APIII, Period 3
8 April 2013
A Convoluted State of Affairs
In his seminal work The Waste Land, T.S. Eliot attempts to describe the social conditions and ramifications of the post World War I human psyche. The poem is partly a self-reflection of Eliot’s own mental issues and emotional family situation in addition to his commentary on the downward spiral of society around him. Eliot employs a change in speaker amongst many different characters as well as allusions to other relevant and popular art, literature, and events of the day that preceded this poem. The Waste Land is essentially a cacophony of allusions and stances. While writing this poem, Eliot had entered a sanitarium as a result of several nervous breakdowns triggered by the ills of society that he condemns in this work (Bush 68). In addition to his mental health issues, Eliot was in the midst of his own journey toward Christianity, which is apparent in the poem’s themes of death and re-birth. The poem parallels Eliot’s brief recovery from his illness and his new spirituality in that the first part of the poem contrasts with the second part, the early anxiety and fear turn into relief from intolerable burdens. The poem flows from a stream of consciousness on the part of the poet, referencing important psychological and psychoanalytical themes, especially those of Sigmund Freud, such as primary desire, forbidden love, re-birth, and renewal. It may be Eliot’s own issue of mental illness reflected in this stream of consciousness that has rendered the poem to be over-interpreted for the past century. An appreciation of the poem lies in knowing that the poet wrote literally what was on his mind in his tormented and emotional state.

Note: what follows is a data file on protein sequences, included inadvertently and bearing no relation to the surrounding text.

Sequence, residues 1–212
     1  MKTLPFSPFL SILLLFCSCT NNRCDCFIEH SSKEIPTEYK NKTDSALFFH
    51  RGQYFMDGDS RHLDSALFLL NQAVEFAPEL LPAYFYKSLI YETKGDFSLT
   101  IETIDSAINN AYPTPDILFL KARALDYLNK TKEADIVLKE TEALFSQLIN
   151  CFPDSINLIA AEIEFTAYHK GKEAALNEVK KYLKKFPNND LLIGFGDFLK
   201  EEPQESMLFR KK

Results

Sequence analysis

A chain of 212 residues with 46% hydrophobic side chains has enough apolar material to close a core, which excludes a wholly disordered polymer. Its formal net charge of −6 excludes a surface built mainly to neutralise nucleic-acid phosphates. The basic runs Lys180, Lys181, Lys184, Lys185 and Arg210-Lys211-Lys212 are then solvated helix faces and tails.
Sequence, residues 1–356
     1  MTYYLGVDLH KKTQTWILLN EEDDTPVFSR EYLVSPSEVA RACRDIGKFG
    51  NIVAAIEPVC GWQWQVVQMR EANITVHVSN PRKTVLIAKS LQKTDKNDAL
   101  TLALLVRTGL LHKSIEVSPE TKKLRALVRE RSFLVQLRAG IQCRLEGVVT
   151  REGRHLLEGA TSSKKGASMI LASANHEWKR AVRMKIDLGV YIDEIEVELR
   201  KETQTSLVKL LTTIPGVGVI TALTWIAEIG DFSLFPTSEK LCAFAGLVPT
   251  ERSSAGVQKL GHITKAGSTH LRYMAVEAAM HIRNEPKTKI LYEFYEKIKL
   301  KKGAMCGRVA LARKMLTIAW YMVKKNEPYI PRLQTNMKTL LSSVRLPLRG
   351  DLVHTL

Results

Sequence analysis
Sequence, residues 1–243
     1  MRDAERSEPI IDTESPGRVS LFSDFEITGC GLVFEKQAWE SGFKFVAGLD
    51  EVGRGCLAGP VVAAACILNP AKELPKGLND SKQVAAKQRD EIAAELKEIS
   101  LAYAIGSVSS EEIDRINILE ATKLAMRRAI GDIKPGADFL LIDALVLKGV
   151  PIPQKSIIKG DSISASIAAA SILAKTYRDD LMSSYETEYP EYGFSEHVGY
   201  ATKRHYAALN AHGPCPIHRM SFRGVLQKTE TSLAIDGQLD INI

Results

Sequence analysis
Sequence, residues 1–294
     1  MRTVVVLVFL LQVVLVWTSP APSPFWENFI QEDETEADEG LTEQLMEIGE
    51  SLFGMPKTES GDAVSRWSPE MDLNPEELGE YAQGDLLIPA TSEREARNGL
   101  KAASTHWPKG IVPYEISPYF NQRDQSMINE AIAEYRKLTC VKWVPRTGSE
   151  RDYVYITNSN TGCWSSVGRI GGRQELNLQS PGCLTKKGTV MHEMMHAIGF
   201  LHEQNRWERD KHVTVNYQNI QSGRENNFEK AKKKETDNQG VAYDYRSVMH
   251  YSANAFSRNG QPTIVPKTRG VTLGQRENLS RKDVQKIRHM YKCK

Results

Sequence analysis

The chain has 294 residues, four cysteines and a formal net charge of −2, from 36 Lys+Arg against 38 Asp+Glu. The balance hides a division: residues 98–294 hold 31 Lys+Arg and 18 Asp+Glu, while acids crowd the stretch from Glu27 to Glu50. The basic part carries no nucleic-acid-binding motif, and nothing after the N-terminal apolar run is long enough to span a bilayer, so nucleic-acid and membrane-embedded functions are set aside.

The main allusion connects to Jessie Weston’s From Ritual to Romance, where the land has been blighted by a curse and the Fisher King is rendered both physically and spiritually impotent (Brooks 59). The theme of psychological devastation and lack of personal character define each of the five parts of the poem. Each part appears to be framed as its own short poem with its respective illustrative characters, allusions, diction, syntax, and metaphors. Several contrasts are brought forth in the many comparisons of society versus the individual, man vs. woman, unconscious and conscious, and hope and fear. Eliot literally uses foreign languages and altered tones to invoke a feeling of confusion and despair in the reader. There are quotations, fragments, pieces of conversations, and broken images. These literary devices parallel the poem’s overriding premise of trying to achieve or find something meaningful in life, but not quite being able to achieve success in doing so even by the end of the poem. It is this incoherence and the broken imagery that lend themselves to the creativeness of the poem. In fact, Ward claims that the poem is “an indictment of the sterility and muddle of the contemporary world” (68).
The most prominent theme and the one first introduced in The Waste Land are emptiness from social and emotional isolation. “The Burial of the Dead” introduces the theme of death, dying, and emptiness with its evocative words of “dead land,” “dull roots,” and “dried tubers.” (Eliot 2615). Crowds of people are seen in the city streets flowing over the London Bridge. The city is dark and filled with despair and guilt, a reference to Dante’s Inferno. The people have meaningless lives, are oppressed by death, and do not find relief in happy memories, such as Marie and the sled or the promise of religious salvation. John Vickery claims that this first section of the poem, “links mankind more closely to its god whose demise is mourned,” further emphasizing Eliot’s position that society is in decline even with the promise of salvation (28). There is stability in death anxiety about change. The representation of Easter, the use of the color violet and new life during the month of April is important because after